Halloween month continues here at Balladeer’s Blog! This time around I’ll examine four neglected horror films that are thoroughly macabre and are certainly graphically gruesome enough for today’s audiences but for some reason don’t have the followings they deserve.
4. NIGHT OF THE SCARECROW (1995) – A big reason for this film getting lost in the shuffle is no doubt the fact that it is frequently confused with Dark Night of the Scarecrow, a telefilm with Charles Durning. This flick is in a whole different category. A warlock in 1600s America is killed by the holy roller townspeople, with his soul being trapped in a scarecrow and his bones buried in a coffin beneath that scarecrow.
In the 1990s an accident revives the warlock’s soul and unbinds the scarecrow, which sets out for revenge on the descendants of his killers. The scarecrow spent hundreds of years feeling the agony of having a straw and cloth anatomy and gleefully inflicts tortuous physical damage on his victims that is far more sadistically creative, gory and memorable than the overrated Cenobites inflict in any of the Hellraiser movies. I’ll spare you graphic descriptions but suffice it to say a death by having one’s orifices sewn shut is the mildest fate suffered by the scarecrow’s prey.
The direction by Jeff Burr is very well-done and there is a kitsch cast that Fred Olen Ray would kill to assemble: Martine Beswick, Gary Lockwood, Stephen Root, John Hawkes, Bruce Glover and Dirk Blocker offer support to the bland male and female leads who are the movie’s weakest link. As a fan of the Nathaniel Hawthorne story Feathertop I’ve always felt scarecrows are underutilized at Halloween and in horror films in general so I strongly recommend this forgotten film.
3. FROM A WHISPER TO A SCREAM (1987) – Also released under the title The Offspring, this movie is director Jeff Burr’s other hidden gem of a horror film. Martine Beswick is in the cast of this film, too, and she’s joined by Clu Gulager, Terry Kiser, and Cameron Mitchell. This is an anthology movie starring Vincent Price who later disowned the film because of its heavy gore and EXTREMELY dark content.
The various tales in the film are set in the fictional town of Oldfield, where pillar of the community Price shares some dark secrets about Oldfield’s citizens with a visiting lady reporter. So with Vinny P serving as a makeshift Cryptkeeper the anthology’s stories unfold before us.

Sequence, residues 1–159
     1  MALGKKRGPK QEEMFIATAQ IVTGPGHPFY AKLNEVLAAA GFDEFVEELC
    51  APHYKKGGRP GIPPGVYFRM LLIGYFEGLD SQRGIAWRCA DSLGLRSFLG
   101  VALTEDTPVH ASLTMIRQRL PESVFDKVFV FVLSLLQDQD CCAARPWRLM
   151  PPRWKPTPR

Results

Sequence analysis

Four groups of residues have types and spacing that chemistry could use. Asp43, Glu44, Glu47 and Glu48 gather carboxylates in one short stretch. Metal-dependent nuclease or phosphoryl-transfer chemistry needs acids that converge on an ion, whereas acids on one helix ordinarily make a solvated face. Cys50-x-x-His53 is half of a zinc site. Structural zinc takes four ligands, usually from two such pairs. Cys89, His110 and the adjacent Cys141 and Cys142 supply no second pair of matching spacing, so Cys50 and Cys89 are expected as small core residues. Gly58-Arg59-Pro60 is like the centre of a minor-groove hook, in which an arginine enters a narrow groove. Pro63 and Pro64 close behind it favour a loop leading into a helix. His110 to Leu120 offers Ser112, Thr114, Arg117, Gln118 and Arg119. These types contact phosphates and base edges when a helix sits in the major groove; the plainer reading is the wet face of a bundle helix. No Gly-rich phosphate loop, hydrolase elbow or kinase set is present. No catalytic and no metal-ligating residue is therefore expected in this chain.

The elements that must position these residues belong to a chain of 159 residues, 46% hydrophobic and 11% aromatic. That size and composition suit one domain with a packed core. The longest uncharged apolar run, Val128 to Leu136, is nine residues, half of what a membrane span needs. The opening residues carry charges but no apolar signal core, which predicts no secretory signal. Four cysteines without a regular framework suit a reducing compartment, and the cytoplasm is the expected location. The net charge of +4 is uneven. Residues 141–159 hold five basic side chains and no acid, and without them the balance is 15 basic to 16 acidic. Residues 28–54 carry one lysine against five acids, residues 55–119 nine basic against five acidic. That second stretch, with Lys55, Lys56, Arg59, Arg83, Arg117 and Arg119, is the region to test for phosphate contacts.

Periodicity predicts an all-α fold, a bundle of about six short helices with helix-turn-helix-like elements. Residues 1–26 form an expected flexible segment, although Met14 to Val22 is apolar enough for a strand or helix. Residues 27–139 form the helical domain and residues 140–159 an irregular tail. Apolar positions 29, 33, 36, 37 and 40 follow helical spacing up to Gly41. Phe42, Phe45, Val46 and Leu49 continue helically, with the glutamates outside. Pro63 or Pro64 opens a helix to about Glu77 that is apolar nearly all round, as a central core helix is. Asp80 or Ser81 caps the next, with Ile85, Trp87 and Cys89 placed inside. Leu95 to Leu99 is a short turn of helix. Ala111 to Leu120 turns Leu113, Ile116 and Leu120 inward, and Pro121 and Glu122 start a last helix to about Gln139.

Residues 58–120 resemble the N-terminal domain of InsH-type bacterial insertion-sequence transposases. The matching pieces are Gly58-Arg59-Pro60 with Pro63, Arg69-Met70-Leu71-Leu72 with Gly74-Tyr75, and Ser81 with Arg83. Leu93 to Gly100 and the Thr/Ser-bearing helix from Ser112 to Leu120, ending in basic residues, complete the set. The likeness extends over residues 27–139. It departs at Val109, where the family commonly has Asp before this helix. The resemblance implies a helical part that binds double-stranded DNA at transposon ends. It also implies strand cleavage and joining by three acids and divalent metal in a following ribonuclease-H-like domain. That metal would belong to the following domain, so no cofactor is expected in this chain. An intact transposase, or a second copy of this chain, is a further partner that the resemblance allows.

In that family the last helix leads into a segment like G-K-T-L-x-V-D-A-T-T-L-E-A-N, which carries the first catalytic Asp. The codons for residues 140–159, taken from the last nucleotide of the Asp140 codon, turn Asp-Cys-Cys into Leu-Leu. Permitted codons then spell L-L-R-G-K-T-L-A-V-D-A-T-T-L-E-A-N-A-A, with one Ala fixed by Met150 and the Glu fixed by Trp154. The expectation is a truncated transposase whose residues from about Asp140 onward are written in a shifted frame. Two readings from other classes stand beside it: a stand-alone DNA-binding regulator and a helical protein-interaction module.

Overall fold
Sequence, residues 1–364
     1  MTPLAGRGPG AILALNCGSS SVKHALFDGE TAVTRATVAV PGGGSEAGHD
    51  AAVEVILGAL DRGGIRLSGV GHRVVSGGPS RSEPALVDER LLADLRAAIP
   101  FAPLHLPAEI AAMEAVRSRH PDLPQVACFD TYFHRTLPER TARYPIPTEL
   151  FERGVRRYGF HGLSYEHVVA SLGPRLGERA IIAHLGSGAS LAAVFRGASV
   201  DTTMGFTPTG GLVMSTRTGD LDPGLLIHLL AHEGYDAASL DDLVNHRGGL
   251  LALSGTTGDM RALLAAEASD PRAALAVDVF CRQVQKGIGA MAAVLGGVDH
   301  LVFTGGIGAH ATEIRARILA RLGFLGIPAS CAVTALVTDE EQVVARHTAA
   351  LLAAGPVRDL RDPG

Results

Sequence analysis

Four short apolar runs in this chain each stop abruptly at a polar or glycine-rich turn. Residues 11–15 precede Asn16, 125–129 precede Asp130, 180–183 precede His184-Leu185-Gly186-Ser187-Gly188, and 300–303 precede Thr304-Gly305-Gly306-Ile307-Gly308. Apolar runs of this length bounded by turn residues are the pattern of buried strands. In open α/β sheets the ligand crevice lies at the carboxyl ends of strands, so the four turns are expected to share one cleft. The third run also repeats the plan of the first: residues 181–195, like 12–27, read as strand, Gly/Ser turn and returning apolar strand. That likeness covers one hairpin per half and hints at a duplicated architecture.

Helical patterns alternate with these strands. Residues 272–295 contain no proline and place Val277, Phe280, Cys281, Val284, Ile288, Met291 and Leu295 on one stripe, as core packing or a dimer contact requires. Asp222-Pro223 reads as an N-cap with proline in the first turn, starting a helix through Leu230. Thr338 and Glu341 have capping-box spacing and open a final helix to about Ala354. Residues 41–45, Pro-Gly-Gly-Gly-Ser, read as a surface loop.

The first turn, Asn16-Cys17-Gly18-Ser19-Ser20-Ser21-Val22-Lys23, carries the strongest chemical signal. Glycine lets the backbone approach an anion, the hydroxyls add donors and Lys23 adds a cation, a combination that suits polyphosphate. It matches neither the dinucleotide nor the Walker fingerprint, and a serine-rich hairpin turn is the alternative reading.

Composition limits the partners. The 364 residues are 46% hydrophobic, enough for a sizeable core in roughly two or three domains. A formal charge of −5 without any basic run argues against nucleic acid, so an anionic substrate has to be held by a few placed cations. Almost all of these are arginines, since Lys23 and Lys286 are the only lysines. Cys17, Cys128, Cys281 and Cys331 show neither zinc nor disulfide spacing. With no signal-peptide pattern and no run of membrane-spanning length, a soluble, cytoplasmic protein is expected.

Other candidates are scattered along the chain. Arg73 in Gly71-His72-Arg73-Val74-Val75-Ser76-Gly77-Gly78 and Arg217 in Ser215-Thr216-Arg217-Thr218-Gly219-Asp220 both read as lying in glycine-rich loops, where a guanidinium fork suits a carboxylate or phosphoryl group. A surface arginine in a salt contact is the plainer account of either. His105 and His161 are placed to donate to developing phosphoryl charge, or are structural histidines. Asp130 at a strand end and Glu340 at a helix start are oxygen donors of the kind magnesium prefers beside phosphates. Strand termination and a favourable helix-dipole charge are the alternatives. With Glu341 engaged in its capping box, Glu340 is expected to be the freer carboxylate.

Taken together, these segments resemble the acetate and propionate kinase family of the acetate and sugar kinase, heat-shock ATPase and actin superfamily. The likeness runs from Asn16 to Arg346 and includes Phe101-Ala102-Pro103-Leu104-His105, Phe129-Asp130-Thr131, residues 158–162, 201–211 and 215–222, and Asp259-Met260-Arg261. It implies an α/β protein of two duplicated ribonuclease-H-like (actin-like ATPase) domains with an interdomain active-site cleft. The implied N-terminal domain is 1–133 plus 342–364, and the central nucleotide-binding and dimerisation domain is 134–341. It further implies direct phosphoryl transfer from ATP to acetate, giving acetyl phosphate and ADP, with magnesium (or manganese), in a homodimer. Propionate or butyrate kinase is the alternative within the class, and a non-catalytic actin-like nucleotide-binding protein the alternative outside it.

In contrast with movies like Creepshow, Tales from the Darkside: The Movie and others from this subgenre From a Whisper to a Scream never lightens the mood with lame comic relief. There’s a nonstop air of dread in each story and the forces of evil don’t just win – they spike the ball and do the Lambeau Leap into the audience.
Clu Gulager stars in the 1st segment as a lecherous psycho who has an equally demented sister straight out of Whatever Happened To Baby Jane? Clu lusts after his female boss and eventually kills her and then breaks into the funeral home to have sex with her corpse. After killing his sister, too, Clu comes face-to-face with the hellish offspring of his union with a cadaver. (No, it’s not logical but it’s a horror story, so just go with it.)
Story 2 is about a small-time hood seeking out a VooDoo priest so he can kill him to attain immortality. This one seems mild at first but has the most horrifying twist ending of the film.
Part 3 presents Rosalind Cash ruling over a bunch of carnival freaks. When one freak wants a normal life Cash uses her powers to bring about an incredibly cruel turn of fate.
The 4th tale is about the founding of Oldfield and features Cameron Mitchell as the leader of a band of Civil War soldiers who fall into the clutches of the homicidally insane children who were Oldfield’s blood-soaked founding figures. Vincent Price and the reporter in the wraparound segments go on to supply one final shock to close out the movie.